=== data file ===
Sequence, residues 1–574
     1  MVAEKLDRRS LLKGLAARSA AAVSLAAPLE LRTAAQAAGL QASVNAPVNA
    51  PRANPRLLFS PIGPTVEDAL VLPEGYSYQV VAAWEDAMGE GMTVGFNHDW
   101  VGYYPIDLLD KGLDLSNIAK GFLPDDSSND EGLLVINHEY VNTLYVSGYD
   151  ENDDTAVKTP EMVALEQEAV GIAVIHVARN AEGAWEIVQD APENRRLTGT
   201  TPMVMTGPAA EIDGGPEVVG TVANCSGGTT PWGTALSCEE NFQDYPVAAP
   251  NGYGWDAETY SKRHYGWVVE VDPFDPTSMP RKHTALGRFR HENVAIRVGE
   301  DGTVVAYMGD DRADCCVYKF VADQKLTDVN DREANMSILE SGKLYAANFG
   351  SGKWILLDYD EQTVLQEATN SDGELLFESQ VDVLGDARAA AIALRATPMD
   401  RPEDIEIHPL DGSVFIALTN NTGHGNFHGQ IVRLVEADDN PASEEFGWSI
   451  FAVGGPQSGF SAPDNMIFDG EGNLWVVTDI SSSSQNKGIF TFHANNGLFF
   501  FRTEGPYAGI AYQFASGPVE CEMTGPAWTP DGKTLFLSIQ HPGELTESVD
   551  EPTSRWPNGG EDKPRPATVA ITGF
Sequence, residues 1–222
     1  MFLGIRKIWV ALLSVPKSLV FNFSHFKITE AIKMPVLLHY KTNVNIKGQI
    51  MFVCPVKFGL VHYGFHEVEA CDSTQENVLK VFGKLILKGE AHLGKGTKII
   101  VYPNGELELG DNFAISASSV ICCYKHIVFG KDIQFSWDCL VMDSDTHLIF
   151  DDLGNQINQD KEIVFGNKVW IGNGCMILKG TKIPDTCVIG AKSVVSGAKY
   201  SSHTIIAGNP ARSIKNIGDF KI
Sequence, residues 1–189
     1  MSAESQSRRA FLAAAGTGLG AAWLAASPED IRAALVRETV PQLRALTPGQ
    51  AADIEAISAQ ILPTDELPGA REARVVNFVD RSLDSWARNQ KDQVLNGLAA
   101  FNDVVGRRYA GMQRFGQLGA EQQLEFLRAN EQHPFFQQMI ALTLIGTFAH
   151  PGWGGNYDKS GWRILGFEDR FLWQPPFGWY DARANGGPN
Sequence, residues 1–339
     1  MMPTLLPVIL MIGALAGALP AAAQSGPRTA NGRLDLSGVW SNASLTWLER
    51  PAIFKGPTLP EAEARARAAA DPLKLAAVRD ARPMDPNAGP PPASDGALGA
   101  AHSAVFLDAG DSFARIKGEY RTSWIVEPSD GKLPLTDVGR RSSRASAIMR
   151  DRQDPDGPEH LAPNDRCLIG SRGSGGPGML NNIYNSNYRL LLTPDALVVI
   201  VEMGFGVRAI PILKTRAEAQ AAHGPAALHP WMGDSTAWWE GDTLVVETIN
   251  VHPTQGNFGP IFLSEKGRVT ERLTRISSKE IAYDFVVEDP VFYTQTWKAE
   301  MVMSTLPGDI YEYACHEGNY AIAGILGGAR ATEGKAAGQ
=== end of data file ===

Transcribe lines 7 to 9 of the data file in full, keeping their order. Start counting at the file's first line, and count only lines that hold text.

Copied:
   251  NGYGWDAETY SKRHYGWVVE VDPFDPTSMP RKHTALGRFR HENVAIRVGE
   301  DGTVVAYMGD DRADCCVYKF VADQKLTDVN DREANMSILE SGKLYAANFG
   351  SGKWILLDYD EQTVLQEATN SDGELLFESQ VDVLGDARAA AIALRATPMD